Kyoto Performing Arts Center at Kyoto University of the Arts / Kyoto Experiment is opening a free limited-time video streaming of The Water Station directed by Indian director Sankar Venkateswaran and staged at Kyoto Experiment 2016 AUTUMN. Due to the impact of coronavirus, it was Venkateswaran’s desire for the work to be streamed and made available to as many people as possible.
Sankar Venkateswaran / Theatre Roots & Wings The Water Station
Originally performed｜November 12-13th, 2016
Venue｜Kyoto Art Theater Shunjuza
Streaming Period｜12:00 June 26th until 2:00 July 6th, 2020
A note on the occasion of screening of The Water Station
After thirty-five years since Shogo Ohta first premiered The Water Station, I had the opportunity to stage the piece in Kyoto, with an ensemble of performers from all around India and Sri Lanka.
Our version of The Water Station was different in many ways from the Tenkei Gekijo’s production. What was fundamentally different was the source of silence itself. The silence in Ohta’s production came from a shared history and language, where characters did not have to speak, they all have a common language and a collective experience of lived history. On the other hand, the silence in our South Asian context came out of the differences that we have, of caste, class, colour and culture. Our silence comes out of our inability to converse, we all came from very different cultural and linguistic backgrounds.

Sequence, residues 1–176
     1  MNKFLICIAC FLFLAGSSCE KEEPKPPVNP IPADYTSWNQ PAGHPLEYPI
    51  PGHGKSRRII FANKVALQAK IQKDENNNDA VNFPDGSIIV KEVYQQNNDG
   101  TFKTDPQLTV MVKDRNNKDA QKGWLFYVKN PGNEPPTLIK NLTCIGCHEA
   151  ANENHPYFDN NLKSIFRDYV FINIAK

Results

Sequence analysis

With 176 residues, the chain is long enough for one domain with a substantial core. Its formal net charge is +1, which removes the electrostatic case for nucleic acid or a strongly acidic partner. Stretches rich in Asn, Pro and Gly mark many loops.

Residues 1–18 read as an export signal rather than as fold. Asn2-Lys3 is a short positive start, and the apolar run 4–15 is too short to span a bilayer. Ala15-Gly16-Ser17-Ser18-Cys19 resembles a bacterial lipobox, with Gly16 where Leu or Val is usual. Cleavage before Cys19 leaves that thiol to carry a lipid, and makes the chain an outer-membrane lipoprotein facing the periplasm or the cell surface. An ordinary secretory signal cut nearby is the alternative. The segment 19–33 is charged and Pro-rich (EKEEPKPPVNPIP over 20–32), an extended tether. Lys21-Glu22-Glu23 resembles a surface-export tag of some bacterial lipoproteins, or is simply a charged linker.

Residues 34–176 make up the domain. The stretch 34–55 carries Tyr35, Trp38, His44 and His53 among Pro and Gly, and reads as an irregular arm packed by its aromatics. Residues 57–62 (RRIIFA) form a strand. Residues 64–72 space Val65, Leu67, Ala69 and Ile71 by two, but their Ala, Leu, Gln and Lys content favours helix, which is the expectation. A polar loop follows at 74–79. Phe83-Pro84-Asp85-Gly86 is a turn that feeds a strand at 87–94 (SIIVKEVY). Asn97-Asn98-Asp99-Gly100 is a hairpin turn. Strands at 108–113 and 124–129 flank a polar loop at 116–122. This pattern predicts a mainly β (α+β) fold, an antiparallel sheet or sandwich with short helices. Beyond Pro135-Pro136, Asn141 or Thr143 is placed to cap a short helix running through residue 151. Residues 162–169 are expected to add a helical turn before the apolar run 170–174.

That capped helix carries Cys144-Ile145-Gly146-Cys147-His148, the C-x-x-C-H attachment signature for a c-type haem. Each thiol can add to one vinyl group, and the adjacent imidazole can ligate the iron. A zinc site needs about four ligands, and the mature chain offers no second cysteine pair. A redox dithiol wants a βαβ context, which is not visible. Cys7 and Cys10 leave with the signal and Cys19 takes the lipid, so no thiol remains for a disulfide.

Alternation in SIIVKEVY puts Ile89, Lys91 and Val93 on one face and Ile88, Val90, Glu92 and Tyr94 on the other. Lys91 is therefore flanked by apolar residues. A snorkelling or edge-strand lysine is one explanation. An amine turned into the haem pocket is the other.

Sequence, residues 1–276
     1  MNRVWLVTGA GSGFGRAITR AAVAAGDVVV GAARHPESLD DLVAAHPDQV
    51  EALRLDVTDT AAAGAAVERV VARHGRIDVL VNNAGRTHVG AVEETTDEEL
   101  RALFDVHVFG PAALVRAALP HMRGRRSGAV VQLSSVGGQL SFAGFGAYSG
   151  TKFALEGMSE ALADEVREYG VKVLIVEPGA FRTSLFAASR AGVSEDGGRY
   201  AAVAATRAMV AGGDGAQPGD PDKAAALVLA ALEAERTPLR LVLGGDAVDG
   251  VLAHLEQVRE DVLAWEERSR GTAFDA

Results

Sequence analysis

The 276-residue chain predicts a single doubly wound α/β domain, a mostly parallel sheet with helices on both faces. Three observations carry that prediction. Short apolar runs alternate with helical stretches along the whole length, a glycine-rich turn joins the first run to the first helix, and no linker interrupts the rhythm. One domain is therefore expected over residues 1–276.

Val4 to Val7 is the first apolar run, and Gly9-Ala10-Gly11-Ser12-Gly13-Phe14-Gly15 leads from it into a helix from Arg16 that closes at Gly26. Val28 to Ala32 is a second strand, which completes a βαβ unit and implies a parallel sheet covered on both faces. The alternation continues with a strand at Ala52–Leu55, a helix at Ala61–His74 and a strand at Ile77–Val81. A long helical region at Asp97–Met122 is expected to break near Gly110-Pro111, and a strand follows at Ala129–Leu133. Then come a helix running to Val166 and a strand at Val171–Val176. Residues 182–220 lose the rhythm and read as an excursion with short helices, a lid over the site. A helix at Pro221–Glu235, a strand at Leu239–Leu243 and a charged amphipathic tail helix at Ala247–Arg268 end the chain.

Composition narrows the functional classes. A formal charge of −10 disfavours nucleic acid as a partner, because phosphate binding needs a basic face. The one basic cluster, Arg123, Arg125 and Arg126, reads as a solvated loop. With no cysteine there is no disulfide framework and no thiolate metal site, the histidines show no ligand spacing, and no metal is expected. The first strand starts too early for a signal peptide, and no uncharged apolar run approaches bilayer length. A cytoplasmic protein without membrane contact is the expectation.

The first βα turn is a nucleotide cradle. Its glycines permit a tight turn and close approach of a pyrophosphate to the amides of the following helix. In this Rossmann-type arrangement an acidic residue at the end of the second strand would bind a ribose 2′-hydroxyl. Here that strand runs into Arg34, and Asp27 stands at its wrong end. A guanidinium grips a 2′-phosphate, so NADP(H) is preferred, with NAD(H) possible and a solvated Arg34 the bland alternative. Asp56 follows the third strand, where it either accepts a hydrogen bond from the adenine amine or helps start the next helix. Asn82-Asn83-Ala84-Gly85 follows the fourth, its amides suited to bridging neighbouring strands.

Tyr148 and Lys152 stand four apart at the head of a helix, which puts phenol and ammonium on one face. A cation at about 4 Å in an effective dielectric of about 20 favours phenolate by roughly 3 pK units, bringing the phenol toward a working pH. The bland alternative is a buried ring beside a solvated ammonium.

In The Water Station, we see the plight of the human existance when societies are reduced to a species level of existence, where we are not individuals anymore, but mere biological specimens of the human species traversing a dark landscape surrounded by death.
This pandemic, the ongoing social unrests and the newly developing border conflicts together creates in me a feeling that we are on a long journey through the slope of a treacherous mountain ridge, that too in dim light. The Water Station shows us a way to tackle our challenges, to slow down to look around, behind and ahead so that we can see things more clearly even in the dim light.
The play is nearly two hours long, slow and silent. I recommend you find a quiet time and place, reduce the brightness of the screen and lower volume of the speakers, sink in with the pace of the piece, open your eyes, ears and heart to co-create the piece in your own imagination.